Reply
    • jeff
      jeff says:

      Hi Ian,
      We seem to agree on some things. Like you, I am pretty sure that personal connections will come back in a huge way. Or at least, I want that to be what happens because I’m of a generation that believes in it. I just don’t think it will be through the traditional trade shows. As I see the industry evolving, I have a hard time seeing them, in their traditional format, have the business value they used to have. Remember what I’ve been saying was going to evolve. Fewer brands, fewer brick and mortar stores, the end of massive unnecessary oversupply. I would add to that the decline of fast fashion and the importance of sustainability and reuse. The basis of competition is going to change. Fewer “me too” products. Actual differentiation based on actual features. More expensive products that last longer. Economic conditions where people are more thoughtful about what they buy. Remember, these were already the trends before the virus- they’ve just been accelerated. We’ve already got fewer shorter shows. Don’t let what I hope is the comparatively short term trend of the virus obfuscate what was already happening in the industry and with trade shows.

      Thanks for the comment,
      J.

      Reply
  2. Doug Works
    Doug Works says:

    Definitely appreciate the perspective and the intel that you bring to the table, Jeff.

    I personally agree with Ian on his points for sure. I also expect that the better Trade Shows including the Surf Expos scheduled in September and January as well as the Outdoor Retail Snow Show in January will cater even more to what the industry and retailers need in the form of outstanding well attended shows. The Stand Up For Retail Webinar series that Emerald is backing sends the clear message that they are here to help retailers and brands in these uncertain times and beyond. We (at Board Retailers Association) are really looking forward to seeing everyone (including you) at the Surf Expo shows and the OR Snow Show.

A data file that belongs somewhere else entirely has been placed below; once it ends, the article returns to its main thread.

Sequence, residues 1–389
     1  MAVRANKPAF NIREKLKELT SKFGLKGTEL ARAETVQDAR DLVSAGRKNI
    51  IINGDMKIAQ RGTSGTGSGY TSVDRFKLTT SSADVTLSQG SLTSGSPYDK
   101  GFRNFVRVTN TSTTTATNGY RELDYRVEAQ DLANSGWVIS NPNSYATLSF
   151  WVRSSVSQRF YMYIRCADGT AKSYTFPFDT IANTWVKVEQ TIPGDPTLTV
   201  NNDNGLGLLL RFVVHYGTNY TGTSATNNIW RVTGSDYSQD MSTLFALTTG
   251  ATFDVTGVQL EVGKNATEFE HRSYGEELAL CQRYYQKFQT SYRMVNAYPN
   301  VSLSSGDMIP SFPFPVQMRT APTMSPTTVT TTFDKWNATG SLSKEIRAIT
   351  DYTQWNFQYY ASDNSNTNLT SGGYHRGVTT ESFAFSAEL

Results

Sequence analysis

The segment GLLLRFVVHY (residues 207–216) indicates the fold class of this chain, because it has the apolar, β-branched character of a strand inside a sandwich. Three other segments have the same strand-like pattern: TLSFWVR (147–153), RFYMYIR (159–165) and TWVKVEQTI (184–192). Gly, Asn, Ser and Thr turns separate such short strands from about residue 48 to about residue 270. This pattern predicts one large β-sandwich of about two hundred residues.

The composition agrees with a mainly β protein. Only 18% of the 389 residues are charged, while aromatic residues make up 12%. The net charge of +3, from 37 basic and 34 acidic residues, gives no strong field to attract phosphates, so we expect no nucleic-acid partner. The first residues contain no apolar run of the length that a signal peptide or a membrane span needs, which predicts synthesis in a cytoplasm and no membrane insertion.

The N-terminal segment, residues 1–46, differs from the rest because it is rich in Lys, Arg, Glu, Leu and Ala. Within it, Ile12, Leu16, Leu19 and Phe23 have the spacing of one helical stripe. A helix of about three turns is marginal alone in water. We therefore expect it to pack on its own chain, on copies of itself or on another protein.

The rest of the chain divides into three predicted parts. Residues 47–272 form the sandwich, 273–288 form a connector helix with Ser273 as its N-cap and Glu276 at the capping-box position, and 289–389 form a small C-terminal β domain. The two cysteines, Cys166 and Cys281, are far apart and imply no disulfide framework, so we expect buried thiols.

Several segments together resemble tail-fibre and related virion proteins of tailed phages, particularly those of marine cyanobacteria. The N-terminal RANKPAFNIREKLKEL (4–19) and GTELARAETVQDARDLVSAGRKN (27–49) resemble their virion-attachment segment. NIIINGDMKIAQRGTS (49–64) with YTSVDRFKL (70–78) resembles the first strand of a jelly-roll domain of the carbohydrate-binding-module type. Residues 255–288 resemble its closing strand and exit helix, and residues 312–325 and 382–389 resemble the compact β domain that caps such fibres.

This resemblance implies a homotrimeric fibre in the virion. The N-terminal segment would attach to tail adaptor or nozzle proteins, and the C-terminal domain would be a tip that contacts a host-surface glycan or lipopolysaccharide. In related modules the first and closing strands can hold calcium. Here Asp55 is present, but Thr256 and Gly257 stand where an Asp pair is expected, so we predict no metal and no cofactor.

Doug Works
    Executive Director
    Board Retailers Association
    760-500-5716
    doug@boardretailers.org

    Reply
    • jeff
      jeff says:

      Hi Doug,
      See what I said in reply to Ian’s comment below. Ignoring the virus for a moment, if such a thing is possible, what do you think about the trends I list? Am I out of my mind? Please feel free to disagree. I love a good disagreement! I also hope to see you at one of the shows.
      Thanks,
      J.

      Reply
  3. Mike
    Mike says:

    Jeff great take as always. Are you saying the days of spending a couple of thousand dollars to head to the trade show to throw high fives and drink sub-par beer are going away? I feel like I have said this before?